Seaman - Same Surname - Various Origins
Just because two people share the same surname doesn't mean they are related. In the United States and Canada, there are many different, unrelated families that share the surname of Seaman.
It is quite certain that the largest group of related Seamans are those descended from Capt. John Seaman (1610-1694) who came to Massachusetts colony from England in 1630. Captain John was married twice. He first married in 1644 to Elizabeth Strickland. Captain John and Elizabeth had four sons and one daughter. Captain John Seaman next married a Martha Moore in 1655. They had four sons and seven daughters.
The details above are from "The Seaman Family in America as Descended from Captain John Seaman of Hempstead, Long Island" by Mary Thomas Seaman - published in 1928. This work, in a modified format, has been made available online here.
It is little wonder that this group of Seamans are the most common in the US and Canada considering their early presence in the English colonies and the large base of eight sons and eight daughters that was laid down by Capt. John. This website deals with the descendants of a single grandson of Capt. John Seaman - the descendants of this one grandson, Caleb Seaman, number well over 3000!
But, Capt. John's descendants are by no means the sole source of the Seaman surname in the New World.
Over the years many families have immigrated to the United States and Canada. Some of these families came with the surname of Seaman, some anglicized their non-English surnames to Seaman. I've run across some of these lines while researching my own family members.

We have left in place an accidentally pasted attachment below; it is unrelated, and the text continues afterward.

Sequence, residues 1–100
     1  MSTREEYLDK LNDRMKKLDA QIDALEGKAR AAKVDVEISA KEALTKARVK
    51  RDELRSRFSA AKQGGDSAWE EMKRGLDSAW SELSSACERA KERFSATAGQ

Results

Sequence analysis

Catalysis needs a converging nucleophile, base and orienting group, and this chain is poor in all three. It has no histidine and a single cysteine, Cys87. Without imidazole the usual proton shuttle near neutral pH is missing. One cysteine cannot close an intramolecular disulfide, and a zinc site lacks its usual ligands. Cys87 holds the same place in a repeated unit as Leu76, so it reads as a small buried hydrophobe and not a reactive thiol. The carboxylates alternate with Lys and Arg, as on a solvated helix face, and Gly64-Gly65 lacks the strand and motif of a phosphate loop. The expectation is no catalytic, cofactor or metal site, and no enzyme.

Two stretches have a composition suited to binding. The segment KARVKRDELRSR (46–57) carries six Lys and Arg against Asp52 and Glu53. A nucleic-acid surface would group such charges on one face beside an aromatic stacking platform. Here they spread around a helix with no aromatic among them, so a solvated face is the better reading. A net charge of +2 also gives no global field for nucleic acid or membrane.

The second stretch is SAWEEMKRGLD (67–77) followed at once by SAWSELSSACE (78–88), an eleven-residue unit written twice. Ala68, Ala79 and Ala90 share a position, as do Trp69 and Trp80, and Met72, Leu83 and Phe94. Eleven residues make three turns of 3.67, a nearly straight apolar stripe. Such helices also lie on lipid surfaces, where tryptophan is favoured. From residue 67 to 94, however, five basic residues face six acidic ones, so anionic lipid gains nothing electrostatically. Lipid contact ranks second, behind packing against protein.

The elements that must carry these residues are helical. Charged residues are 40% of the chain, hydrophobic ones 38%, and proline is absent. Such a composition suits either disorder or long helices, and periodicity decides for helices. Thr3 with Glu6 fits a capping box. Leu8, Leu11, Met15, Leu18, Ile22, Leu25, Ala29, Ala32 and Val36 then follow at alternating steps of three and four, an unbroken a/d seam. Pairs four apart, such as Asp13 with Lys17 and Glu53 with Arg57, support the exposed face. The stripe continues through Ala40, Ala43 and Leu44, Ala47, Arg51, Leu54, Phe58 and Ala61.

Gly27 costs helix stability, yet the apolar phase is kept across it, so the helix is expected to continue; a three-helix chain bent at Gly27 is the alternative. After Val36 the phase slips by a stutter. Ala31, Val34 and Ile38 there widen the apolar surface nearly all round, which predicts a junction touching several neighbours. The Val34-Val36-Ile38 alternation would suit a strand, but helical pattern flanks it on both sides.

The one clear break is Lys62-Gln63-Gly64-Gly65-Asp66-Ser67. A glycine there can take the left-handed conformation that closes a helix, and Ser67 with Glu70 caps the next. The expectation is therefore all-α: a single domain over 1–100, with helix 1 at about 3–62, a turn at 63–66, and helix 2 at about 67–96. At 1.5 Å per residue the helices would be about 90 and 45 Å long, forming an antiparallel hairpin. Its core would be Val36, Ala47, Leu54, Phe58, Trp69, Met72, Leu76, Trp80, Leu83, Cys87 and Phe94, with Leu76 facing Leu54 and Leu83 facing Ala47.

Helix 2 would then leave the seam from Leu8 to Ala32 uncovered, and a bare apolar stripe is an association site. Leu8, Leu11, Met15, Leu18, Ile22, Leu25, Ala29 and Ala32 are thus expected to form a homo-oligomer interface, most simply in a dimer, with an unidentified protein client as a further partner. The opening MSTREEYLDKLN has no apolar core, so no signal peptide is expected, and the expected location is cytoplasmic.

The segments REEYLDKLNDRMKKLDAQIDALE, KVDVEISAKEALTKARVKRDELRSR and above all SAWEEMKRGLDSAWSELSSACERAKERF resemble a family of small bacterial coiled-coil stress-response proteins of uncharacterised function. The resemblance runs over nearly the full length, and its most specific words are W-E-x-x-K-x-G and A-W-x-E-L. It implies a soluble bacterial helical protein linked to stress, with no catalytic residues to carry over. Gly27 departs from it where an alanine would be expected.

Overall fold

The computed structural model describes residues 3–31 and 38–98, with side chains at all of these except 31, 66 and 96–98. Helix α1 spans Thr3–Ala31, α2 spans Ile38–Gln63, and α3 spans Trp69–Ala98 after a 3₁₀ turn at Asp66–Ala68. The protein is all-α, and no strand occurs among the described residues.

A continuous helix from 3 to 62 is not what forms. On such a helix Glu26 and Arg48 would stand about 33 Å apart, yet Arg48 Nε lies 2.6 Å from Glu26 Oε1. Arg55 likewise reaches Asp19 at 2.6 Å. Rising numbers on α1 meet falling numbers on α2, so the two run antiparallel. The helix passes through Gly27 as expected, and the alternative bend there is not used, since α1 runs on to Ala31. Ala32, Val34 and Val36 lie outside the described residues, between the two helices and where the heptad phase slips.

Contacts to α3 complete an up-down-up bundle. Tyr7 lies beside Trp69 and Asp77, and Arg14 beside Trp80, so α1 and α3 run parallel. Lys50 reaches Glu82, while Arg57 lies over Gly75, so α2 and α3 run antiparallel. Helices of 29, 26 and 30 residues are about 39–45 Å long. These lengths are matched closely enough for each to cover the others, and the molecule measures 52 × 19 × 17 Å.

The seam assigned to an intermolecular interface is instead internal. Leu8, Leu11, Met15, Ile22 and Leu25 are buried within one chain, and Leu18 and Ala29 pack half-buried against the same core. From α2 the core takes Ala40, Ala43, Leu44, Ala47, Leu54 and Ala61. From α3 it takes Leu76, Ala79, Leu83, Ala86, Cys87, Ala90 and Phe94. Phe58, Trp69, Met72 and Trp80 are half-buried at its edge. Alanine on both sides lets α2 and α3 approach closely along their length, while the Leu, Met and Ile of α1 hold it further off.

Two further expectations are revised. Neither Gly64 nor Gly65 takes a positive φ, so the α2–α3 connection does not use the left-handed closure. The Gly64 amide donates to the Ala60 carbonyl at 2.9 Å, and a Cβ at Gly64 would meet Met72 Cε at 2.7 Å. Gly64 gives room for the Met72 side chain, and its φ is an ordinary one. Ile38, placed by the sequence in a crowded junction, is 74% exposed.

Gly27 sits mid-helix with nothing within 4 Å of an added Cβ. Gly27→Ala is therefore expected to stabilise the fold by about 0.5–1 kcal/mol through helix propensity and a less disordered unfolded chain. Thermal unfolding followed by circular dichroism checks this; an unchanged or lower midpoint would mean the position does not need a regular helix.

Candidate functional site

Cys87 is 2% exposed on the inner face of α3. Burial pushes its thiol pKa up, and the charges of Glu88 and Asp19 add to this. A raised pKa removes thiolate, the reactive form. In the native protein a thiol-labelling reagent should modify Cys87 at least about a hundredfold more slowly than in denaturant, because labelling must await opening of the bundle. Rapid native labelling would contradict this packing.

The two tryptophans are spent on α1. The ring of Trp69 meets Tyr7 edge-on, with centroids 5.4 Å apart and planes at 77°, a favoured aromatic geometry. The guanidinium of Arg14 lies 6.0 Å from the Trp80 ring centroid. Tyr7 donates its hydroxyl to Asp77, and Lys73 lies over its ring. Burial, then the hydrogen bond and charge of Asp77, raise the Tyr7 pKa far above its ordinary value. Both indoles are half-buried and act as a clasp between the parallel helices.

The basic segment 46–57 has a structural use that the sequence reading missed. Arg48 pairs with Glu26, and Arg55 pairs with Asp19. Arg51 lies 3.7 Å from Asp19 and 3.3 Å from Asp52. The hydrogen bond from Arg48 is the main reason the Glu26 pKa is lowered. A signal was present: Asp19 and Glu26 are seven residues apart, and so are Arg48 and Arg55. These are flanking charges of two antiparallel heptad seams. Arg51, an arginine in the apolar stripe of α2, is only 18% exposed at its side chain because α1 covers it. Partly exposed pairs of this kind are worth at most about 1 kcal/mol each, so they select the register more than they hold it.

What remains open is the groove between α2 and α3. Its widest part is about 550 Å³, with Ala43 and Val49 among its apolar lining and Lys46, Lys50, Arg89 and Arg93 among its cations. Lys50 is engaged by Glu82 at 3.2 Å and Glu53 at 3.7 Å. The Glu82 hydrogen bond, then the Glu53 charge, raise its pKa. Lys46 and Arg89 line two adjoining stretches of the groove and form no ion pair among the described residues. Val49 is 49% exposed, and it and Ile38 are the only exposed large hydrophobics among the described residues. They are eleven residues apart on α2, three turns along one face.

Below are bits and pieces of what I've seen, hopefully it will help someone in tracking their family history.
In early Pennsylvania there were two notable groups of Seamans. One (Noah) from England and the other (Johann Ludwig Seaman/Saeman) from Germany. And, of course, there were likely a few descendants of Capt. John mixed in as well.
There was also a Seaman family from England that settled in Massachusetts colony. Thomas and Susannah SEAMANS lived in Swansea, Massachusetts in 1687, and this is the birthplace of their 11 children. Thomas' three sons (Thomas, John, and James) moved to Scituate, Rhode Island between 1740 and 1746. The spelling of their surname has varied over the generations but many use spellings of SEAMON or SEAMAN today.
Yet another couple with the Seaman surname came from County Cavan, Ireland. They settled in Shawville, Clarendon County, Province of Quebec, up the Ottawa River from the city of Ottawa, in 1833. John SEAMAN had been a Captain in the military in Ireland. In Shawville they raised 10 children.
In the early 1800's the Seaman name was once more introduced from England - this time to Prince Edward Island in Canada. Some of this family's history is documented here.
The above are just a few examples of the various Seaman families that exist. There are new immigrants to the US and Canada everyday - some of them are named Seaman as well! Good luck in tracing your origins!